Good to excellent ratings for corn in the major producing states of the Midwest were mostly unchanged this week, except down by 2 points in Minnesota and up by 3 points in Iowa. The actual national corn rating total, however, increased by one percentage point to 78% good to excellent. Crop ratings for soybeans, which are not as important this early in the season, were down by 3 to 6 points, except in Indiana and Ohio where they were up slightly. The national total, however, was only one point less than the previous week, at 73% good to excellent.
An overall very favorable weather pattern for corn and soybeans in the Midwest is expected to continue during the next seven to 10 days. Temperatures and rainfall are both indicated to be near to above normal.
The reason for the favorable weather pattern will be due to a mean upper-atmosphere high pressure ridge over south-central Canada.
To the south of this ridge, a weak trough will be located over the Midwest. This trough will be the focus of frequent episodes of scattered showers and thunderstorms. As you head to the north and south of this trough, rainfall will be more limited across the Northern Plains, Canadian Prairies, Southern Plains and Delta states. However, the only crop that may be negatively affected at this time would be pollinating corn in the Southern Plains and Delta states.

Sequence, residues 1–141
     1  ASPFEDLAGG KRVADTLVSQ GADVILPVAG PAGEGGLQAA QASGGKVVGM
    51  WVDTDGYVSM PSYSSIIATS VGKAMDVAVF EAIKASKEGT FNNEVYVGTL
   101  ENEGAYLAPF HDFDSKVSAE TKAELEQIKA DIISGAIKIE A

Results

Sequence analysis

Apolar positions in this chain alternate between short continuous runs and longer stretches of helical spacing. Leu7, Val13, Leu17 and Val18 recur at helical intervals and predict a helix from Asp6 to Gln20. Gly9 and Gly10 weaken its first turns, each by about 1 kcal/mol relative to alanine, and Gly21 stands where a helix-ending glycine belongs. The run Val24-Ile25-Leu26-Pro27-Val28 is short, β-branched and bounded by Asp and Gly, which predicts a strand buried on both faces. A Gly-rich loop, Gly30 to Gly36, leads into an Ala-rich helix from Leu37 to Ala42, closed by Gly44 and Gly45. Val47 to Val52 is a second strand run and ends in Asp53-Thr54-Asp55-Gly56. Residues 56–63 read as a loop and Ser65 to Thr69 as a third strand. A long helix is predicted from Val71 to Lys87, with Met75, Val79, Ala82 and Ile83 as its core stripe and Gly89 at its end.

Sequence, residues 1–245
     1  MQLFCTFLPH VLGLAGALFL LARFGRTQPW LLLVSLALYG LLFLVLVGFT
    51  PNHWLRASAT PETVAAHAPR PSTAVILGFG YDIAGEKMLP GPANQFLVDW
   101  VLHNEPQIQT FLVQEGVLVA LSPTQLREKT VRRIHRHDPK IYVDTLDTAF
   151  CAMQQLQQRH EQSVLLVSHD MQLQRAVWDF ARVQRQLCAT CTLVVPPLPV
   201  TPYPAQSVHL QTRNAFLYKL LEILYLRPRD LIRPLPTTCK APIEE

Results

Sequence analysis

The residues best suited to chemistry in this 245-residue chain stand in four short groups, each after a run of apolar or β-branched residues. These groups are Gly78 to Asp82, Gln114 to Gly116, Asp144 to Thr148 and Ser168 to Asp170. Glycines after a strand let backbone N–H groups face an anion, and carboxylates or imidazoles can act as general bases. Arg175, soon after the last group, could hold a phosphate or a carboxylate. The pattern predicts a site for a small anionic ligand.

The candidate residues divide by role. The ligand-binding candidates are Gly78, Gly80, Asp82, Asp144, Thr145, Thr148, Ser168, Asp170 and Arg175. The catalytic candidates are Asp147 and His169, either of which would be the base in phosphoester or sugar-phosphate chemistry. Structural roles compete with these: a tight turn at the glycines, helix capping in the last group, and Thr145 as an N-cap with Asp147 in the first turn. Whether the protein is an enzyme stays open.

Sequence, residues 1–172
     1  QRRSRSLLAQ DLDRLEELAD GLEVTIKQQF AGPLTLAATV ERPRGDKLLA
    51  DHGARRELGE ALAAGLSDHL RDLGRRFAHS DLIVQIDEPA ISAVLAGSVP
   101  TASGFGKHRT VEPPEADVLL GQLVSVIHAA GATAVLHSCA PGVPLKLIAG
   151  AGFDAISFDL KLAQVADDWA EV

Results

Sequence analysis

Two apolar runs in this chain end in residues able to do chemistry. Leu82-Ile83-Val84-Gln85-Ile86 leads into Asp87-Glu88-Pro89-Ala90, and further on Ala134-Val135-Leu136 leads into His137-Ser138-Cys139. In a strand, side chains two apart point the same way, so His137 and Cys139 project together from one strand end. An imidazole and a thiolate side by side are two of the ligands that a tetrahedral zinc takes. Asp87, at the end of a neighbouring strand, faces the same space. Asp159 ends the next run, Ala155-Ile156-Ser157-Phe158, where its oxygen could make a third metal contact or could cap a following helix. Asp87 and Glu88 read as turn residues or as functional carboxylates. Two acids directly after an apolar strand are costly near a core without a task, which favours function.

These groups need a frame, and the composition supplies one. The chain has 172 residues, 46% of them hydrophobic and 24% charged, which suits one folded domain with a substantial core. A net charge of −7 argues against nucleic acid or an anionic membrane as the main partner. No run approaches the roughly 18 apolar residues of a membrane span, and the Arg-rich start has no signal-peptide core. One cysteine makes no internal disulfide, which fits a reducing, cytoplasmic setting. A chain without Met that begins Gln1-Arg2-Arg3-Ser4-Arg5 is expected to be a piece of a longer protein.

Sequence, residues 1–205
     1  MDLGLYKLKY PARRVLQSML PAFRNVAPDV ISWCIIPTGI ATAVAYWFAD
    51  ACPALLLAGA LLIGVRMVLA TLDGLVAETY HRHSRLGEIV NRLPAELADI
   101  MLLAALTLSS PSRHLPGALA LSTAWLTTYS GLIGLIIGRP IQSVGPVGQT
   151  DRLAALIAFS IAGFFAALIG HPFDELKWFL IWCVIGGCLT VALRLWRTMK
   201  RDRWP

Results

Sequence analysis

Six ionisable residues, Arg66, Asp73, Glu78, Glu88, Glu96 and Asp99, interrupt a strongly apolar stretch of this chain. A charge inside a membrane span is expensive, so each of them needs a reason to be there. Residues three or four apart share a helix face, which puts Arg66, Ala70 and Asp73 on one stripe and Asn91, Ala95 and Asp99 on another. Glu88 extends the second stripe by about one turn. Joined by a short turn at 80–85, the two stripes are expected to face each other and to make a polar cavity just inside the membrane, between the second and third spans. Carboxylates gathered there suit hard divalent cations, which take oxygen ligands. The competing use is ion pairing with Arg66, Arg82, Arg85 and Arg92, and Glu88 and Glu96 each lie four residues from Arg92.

Meanwhile, the situation with the Indian monsoon continues to be of interest. It appears that the onset of the monsoon in the major oilseed areas of west-central India will be about two weeks behind normal, not occurring until the end of the month. This is not a major concern at this time, as long as monsoon persists once it does become established.
Michael Palmerino can be reached at email@example.com
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